According to a new analysis by Mitchell International the Medical Price Index (MPI) shows a price surge for ER Services, Evaluation and Management. Average prices charged for medical services commonly used in workers’ compensation claims climbed 9.1 percent from 2006 through 2015, with emergency room services showing a much more dramatic price increase of 52.7 percent over that period. Another large price increase was seen for patient evaluation and management, which rose 28.7 percent from 2006 through 2015. The MPI data is contained in the latest edition of Mitchell’s Industry Trends Report.
A recent study from the Journal of Occupational and Environmental Medicine confirms treatment guidelines improve outcomes. In studying workers’ compensation claims, the authors found that when practitioners adhered to evidence-based guidelines they reported shorter claim duration and lower medical costs than claims in which treatment guidelines weren’t followed as closely.
The National Safety Council recently released survey results showing 99 percent of doctors are prescribing highly addictive opioid medicines for longer than the three-day period recommended by the CDC. Additionally, 74 percent of doctors incorrectly believe morphine and oxycodone, both opioids, are the most effective ways to treat pain.
Six U.S. senators introduced the Budgeting for Opioid Addiction Treatment Act, or LifeBOAT bill on May 23. This bill would tax prescription opioids at a rate of 1 cent per milligram of active ingredient. The bill is expected to generate $1.5 billion to $2 billion a year and much of that could come from workers’ comp payers. For more info go to:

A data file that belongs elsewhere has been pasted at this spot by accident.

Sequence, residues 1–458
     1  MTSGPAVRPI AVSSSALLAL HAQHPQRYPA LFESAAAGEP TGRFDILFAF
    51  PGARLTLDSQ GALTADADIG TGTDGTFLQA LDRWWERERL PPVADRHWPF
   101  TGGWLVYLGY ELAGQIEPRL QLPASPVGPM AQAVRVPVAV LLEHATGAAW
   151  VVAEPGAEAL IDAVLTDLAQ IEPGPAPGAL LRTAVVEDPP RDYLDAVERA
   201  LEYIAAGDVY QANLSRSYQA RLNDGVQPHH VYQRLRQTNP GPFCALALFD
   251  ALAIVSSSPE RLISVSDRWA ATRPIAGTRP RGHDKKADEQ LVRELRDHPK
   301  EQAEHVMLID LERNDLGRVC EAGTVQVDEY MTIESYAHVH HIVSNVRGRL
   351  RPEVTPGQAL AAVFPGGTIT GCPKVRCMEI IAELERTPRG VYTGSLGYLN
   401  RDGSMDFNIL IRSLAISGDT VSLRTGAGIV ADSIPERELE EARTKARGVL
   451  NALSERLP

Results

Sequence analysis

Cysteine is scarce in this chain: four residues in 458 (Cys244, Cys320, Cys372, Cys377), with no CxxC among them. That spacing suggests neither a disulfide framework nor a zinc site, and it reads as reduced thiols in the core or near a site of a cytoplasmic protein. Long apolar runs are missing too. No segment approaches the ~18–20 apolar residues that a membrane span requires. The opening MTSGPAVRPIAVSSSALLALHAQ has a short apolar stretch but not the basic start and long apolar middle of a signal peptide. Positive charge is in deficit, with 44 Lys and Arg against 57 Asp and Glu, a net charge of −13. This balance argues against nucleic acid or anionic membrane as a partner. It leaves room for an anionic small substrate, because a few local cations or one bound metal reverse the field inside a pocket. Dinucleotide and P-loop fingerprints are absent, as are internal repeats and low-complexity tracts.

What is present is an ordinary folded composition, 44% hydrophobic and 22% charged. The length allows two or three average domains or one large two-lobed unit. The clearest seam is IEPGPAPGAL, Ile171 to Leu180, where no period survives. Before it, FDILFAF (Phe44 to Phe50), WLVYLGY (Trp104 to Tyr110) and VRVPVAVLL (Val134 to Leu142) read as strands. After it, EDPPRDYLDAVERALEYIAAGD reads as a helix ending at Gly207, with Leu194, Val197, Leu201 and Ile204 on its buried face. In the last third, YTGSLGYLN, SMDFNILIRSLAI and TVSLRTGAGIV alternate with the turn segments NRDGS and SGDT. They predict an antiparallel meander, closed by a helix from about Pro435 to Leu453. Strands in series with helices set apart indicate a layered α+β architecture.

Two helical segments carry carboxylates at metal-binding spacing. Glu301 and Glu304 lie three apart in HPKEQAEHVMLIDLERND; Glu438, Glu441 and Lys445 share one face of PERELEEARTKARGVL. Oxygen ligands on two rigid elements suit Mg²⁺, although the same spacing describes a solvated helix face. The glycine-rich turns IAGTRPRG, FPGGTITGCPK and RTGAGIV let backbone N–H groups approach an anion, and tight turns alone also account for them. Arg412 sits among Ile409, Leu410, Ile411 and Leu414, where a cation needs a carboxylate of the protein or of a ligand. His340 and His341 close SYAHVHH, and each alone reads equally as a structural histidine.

According to a WorkCompWire article on trends in pharmacy costs, a tube of Voltaren Gel (diclofenac), a commonly prescribed topical non-steroidal anti-inflammatory drug (NSAID), will cost a payer $60. Yet when it is packaged together with antibacterial wipes, its list price may be about nine times this cost, at $500. Convenience packs, or “co-packs” are not a new concept in workers’ comp. However, there has been a significant uptick in these combination packs or kits as they relate to topical analgesics. Examples of currently available topical packs and kits:
While packs and kits do not reflect a large percentage of transactions, they are among a group multiple cost drivers that are collectively contributing to overall increases in pharmacy claims costs. To read more on other trending medical cost drivers in workers’ comp here.
According to a recent report from Express Scripts, specialty medications represent less than 1 percent of all meds used by injured workers. However, rapidly rising prices are a major concern. Spending on specialty meds increased 49.5 percent in 2015, with the average cost per prescription reaching $1,799.02 – nearly 10 times that of a typical traditional medication. Antiviral medications to treat hepatitis C and HIV were primary drivers of the annual increase in overall specialty drug spending. Spending in the antiviral class increased 85.1 percent, heavily influenced by a 66.7 percent increase in cost per prescription.